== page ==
Optimism surrounding the start of the baseball season has been clouded with the reality that traditional Opening Day sellouts may soon be followed by an expanse of empty seats around big league ballparks.
The Orioles sold out today’s opener against the Yankees, but the club remains concerned that its string of decreasing annual attendance will be exacerbated by the economic downturn, the Baltimore Sun reports today. The team is introducing a variety of promotions to lure fans to what is still one of finest venues in pro sports but has become less of a destination after years of losing seasons. The team is offering free admission to kids 10-and-under every Thursday and fans can catch a game for free during their birthday month.
The Blue Jays are realistic about 2009, the Globe and Mail reports, that the team isn’t likely to contend and that attendance not continue to increase as it did every season when Paul Godfrey was at the helm.
A sign of the times? Cactus League attendance was down across Arizona from 7,436 in 2008 to 6,396 this spring.
By JJ Cooper
Considering the state of the economy, the 2009 season looks to be a survival test for independent leagues, but the recession has already claimed its first victims.
The Can-Am League’s Atlantic City Surf announced in late March that they were shutting down after a deal to sell the team to a new ownership group fell through. The after effects of that decision were quickly felt in Ottawa. The Voyageurs, which had been taken over by the league after an unsuccessful first season as the Rapidz, were quickly shut down as well, leaving the Can-Am League with only six teams and a completely reworked schedule.
“It’s not one of the great days for the Can-Am League,” said league commissioner Miles Wolff from Ottawa, where he had to inform seven full-time staff members that they were losing their jobs immediately.
“In the fall, people have time to get jobs. In this case nobody saw it coming. Some 40 ballplayers (for Ottawa and Atlantic City) had jobs that now don’t. Now with every (affiliated )team in spring training releasing players, there are some 500 players out there without jobs. A month ago, most of these guys would have gotten picked up, now . . . “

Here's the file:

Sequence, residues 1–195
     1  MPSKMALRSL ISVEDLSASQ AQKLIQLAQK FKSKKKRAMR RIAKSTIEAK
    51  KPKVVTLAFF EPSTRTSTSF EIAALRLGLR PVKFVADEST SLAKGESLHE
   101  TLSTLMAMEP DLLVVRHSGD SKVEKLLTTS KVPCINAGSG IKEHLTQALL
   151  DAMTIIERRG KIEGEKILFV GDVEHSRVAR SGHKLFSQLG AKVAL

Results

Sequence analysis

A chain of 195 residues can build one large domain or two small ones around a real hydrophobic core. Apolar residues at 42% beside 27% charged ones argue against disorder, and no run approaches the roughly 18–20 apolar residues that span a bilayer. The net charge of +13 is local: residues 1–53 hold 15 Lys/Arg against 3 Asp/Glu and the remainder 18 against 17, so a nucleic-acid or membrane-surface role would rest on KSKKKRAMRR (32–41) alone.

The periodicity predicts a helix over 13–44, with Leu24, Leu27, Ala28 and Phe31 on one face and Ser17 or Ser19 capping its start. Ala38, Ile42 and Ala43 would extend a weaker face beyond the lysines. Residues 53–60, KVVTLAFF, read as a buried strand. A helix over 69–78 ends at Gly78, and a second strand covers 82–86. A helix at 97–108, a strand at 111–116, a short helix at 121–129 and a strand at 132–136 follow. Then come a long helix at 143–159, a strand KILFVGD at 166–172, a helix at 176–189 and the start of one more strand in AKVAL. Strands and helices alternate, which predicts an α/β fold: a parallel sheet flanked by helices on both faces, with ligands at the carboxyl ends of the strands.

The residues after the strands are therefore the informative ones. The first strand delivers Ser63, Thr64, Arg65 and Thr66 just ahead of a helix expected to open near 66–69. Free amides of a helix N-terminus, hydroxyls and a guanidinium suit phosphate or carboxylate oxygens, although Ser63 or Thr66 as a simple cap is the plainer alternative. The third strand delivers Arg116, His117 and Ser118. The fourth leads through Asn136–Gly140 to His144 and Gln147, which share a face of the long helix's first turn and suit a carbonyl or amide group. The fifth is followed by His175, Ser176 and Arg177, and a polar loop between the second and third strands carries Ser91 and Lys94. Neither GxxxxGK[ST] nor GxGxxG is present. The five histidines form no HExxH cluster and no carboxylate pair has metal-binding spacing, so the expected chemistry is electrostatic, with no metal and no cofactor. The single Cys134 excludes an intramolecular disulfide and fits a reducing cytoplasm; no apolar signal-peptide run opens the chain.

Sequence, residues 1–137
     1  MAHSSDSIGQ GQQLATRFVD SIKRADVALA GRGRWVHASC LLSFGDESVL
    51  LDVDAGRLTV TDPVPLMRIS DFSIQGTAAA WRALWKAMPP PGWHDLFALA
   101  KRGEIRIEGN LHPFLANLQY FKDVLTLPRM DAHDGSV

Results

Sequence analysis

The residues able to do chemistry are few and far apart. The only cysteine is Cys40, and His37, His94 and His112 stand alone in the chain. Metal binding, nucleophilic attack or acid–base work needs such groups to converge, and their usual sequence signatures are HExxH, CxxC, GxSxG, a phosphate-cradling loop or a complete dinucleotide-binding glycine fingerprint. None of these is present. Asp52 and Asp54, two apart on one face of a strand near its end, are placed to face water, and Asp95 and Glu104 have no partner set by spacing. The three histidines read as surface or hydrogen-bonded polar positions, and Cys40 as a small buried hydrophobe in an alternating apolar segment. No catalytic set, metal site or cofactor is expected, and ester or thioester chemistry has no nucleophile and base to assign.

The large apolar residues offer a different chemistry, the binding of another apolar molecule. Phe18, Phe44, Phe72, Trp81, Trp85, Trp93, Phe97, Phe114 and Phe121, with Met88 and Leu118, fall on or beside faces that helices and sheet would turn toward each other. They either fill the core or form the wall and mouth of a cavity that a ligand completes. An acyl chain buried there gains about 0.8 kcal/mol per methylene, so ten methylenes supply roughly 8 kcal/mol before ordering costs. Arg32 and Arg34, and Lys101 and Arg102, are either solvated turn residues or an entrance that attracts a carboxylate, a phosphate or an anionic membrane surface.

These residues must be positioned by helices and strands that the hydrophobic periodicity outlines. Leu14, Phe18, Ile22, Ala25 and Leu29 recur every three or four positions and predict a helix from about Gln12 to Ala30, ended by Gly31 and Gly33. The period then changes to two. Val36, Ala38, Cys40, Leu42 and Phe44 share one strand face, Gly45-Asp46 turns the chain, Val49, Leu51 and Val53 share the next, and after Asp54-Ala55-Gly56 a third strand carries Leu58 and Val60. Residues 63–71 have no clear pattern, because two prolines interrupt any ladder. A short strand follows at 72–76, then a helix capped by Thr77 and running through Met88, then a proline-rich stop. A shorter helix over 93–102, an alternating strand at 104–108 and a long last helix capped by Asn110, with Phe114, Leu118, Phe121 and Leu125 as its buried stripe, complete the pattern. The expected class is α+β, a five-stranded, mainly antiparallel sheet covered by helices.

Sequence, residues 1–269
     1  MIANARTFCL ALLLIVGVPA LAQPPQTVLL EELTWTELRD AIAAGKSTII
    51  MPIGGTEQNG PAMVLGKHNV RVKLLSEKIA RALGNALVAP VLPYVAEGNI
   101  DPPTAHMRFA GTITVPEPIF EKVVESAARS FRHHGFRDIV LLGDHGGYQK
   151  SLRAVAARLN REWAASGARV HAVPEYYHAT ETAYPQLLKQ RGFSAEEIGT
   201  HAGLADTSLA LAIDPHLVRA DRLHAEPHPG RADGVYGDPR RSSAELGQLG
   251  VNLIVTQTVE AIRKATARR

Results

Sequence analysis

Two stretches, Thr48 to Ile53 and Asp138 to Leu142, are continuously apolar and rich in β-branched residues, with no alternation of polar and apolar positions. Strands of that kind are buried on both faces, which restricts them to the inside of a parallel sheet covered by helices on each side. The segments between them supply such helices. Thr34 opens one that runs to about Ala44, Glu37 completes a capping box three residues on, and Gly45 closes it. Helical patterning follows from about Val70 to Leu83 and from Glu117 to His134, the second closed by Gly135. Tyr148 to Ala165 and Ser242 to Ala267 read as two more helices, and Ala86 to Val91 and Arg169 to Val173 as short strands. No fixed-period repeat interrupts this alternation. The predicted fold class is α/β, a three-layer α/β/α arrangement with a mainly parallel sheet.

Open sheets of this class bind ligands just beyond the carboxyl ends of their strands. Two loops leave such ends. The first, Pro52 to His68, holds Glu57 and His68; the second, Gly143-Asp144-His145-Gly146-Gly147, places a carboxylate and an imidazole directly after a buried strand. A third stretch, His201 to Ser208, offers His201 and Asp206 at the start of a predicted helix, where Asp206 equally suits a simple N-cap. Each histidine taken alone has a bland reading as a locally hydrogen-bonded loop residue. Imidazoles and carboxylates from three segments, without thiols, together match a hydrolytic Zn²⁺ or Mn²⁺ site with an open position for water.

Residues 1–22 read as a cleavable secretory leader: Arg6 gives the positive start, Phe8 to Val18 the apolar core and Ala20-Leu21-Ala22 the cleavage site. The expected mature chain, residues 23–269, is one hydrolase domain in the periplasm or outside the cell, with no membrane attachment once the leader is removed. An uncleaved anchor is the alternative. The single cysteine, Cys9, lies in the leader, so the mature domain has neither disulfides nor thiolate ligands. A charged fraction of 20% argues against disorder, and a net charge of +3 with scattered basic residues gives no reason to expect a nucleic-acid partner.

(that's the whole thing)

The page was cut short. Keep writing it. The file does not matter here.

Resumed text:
The battle for the Bay Area just took an interesting twist.
The Giants and high Class A San Jose are set to announce at a press conference on Thursday that the big league club is purchasing a 25 percent stake in its California League affiliate. The team will have an option to purchase another 30 percent in 2010.
The timing of the announcement with Oakland’s renewed interest in building a big league ballpark in the Giants’ territory of Santa Clara County is likely a little more than coincidental, however the sides first began discussing a possible sale in Oct. 2005. They signed a letter of intent on Dec. 24, 2008, and the Giants due diligence period expired on March 31.
San Jose’s motivations are obvious: partnering with the Giants provides San Jose with capital for ballpark improvements while also raising its profile to expand the fan and corporate bases. A merger will provide San Jose the opportunity to partner with San Francisco on events like fanfests, bringing the 40-man roster to Municipal Field and having games broadcast on Comcast Sportsnet–in which San Francisco has an ownership stake.
"Those types of things have tremendous benefits to us," Giants CEO Jim Weyermann said in an interview late Wednesday night. "They can help us develop more capital partnerships with the city. In this case the Giants bring some economic leverage with untraditional city funding."
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